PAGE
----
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Interview

Becks Butler: "Photography is a tool to approach and reveal the ephemeral nature of humanity"

text:
Futures Photography
Date:
September 8, 2020
Nominated for Futures by PhotoIreland, Becks Butler is an artist and lecturer at the Faculty of Design, at the Griffith College Dublin. She has presented work in various group shows in spaces such as illuminations, Pallas Projects, The Royal Irish Academy and The Complex.

“My work explore’s structures of human behaviour, origins and the performance of subjects in photography,” explains the artist. Her new project ‘Loopies Field’ was recently supported by Culture Ireland initiative #IrelandPerforms (2020).

In this interview, Becks talks about her career and inspirations:

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Images from 'Loopies Field'
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Can you tell us a little bit about your inspirations? Which themes do you often work with?

My work explore’s structures of human behaviour, origins and the performance of subjects in photography. Coming from a familial and career focused background in agriculture, I have developed an interest in merging that background with my practice. Prior to my studies in Fine Art and Photography I completed a degree in Agricultural Science. I have first-hand experience of the physical and mental challenges of agricultural labour. In both agricultural and artistic practices it is often difficult to draw a line between work and life and I’ve developed an interest in the performance of labour inherent in both industries.

How do you see your relationship with the medium? How do you use photography to express your art?

My work is often interested in people and their interactions with the world around them. I consider the photograph as a tool to approach and reveal the ephemeral nature of humanity. A photograph stays still amongst shifting narrative. Sculptural techniques within the photograph is a large part of my photographic process. By blending natural gestures in familiar environments through both staged and observational techniques, I aim for subject, object and environment to seamlessly marry within the final imagery. By playing with the principle methods of photography such as documentary and typology I'm trying to inject some contemporary aesthetic and see where it takes the project. The final aesthetic and colors of my images are largely inspired by the colors that exist within the photographed environments. My aim with this work is to cover the diversity of farms, technologies and people in Ireland.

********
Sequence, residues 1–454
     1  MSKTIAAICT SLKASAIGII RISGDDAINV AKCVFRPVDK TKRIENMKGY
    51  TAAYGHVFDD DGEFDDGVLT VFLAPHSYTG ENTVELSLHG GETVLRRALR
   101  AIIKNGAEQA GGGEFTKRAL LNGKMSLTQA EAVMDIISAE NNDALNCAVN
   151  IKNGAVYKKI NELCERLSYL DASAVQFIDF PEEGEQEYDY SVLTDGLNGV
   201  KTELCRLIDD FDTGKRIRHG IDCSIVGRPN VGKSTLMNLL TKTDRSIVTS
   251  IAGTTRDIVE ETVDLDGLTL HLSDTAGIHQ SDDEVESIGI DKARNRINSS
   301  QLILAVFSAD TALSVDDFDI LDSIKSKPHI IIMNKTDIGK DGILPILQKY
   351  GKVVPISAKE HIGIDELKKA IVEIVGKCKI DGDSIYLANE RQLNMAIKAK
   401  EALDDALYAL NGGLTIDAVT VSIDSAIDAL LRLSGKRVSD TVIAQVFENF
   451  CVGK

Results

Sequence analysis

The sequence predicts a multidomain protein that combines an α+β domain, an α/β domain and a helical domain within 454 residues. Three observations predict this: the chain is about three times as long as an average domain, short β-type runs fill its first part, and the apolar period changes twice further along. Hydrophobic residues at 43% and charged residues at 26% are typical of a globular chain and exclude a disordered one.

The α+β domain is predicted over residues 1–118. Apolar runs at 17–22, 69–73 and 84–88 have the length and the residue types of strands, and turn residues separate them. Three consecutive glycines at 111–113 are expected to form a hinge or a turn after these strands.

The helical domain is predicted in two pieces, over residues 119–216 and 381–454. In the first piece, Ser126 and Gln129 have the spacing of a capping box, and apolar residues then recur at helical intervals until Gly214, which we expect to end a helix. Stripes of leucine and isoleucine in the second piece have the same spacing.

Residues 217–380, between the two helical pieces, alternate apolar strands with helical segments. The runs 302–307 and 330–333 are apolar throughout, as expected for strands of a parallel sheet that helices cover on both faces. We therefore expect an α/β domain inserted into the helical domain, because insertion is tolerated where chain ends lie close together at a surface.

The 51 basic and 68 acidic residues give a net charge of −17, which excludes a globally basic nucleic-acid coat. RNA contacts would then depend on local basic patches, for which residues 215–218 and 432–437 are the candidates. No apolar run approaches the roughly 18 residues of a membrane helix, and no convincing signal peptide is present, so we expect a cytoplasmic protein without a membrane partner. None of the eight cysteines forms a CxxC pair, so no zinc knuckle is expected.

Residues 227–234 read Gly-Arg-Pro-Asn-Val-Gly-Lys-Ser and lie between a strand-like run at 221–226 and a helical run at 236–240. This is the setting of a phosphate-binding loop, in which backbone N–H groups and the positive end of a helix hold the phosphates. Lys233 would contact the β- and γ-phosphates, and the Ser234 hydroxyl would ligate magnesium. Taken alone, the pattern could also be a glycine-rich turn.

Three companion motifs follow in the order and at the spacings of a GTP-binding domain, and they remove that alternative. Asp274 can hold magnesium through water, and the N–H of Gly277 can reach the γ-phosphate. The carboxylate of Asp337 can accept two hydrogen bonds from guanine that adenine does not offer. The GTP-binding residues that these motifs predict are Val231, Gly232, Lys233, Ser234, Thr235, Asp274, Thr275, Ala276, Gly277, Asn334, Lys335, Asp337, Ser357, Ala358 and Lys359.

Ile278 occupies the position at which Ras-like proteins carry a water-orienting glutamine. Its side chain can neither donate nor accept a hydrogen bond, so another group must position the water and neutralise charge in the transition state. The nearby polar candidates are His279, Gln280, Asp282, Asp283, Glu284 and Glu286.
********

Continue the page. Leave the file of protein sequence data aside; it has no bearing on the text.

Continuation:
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Do you have any ongoing (or more recent) project that you would like to share with us?

I most recently have been making a body of work title loopies field which investigates a modern image of agriculture in Ireland through the performance of labour. In this on-going series, I am interested in dedication to labour exploring notions of inheritance, architecture, economy, and a new mechanised industry. Technology itself has somewhat changed the conditions of being a farmer in Ireland today. I am interested in exploring how that agri economy has affected farm size, social living and attitudes as we face a future of diversification. I've been making a series of photographs on farms in Ireland around thinking about these themes. Early on in the research I had been studying the work of sociologists McKinney and Green who travelled across Ireland documenting traditional rural life often through staged images of farming techniques. Their images sparked a curiosity in me. Their subject is often quite performative. I have been following their methodology to capture a very different image of agricultural aesthetics through contemporary practices.

I've also been systematically recording the architecture of grain silos. I became interested in what these structures suggest about the economy of agriculture. It certainly signifies a level of production. I am of course interested in the work of The Bechars often referred to their images as Anonymous sculptures, a term I often think about when making my images.

We have been facing a lot of challenges this year. How do you see this moment for art? Is it changing your practice?

I believe artists are resilient people. I feel as artists we generally quite innovative people, we find ways around our difficulties. Depending on your practice I imagine that given the current circumstances people are experiencing very different situations.

I myself have found it quite difficult to make work, my practice requires me to go out and make images as well as interact with people. The current situation has made that impossible.  I find missing the art community element most difficult. For me it's such a large part of being a practicing artist is the sharing of ideas with real people. As an artist it can be difficult to find the resources to make work and maintain your practice without adding a crisis.

What do you expect from this experience as a Futures talent?

I hope to learn about the process, methodologies and careers of other artists outside Ireland. I hope to also gain knowledge on presenting portfolios and making funding applications. I am interested to learn more about markets for my work and establishing a sustainable practice. I look forward to being mentored by professional photographic institutions and am excited about this opportunity.

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